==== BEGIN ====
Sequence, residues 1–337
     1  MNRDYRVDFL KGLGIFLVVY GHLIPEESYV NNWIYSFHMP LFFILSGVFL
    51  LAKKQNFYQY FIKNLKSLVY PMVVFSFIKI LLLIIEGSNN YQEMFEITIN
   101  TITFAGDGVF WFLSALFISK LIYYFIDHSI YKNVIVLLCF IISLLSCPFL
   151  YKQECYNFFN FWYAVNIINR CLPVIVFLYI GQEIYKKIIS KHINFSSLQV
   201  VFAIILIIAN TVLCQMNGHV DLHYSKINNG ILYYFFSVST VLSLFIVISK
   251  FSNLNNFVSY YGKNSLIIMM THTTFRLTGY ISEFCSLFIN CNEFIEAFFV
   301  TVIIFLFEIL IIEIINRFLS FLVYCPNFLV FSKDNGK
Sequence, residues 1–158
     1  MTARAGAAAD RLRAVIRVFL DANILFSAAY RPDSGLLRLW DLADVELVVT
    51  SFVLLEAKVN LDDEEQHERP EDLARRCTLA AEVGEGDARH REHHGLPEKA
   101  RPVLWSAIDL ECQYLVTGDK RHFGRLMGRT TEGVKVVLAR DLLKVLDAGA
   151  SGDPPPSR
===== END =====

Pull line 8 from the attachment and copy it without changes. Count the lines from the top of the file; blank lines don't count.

   301  TVIIFLFEIL IIEIINRFLS FLVYCPNFLV FSKDNGK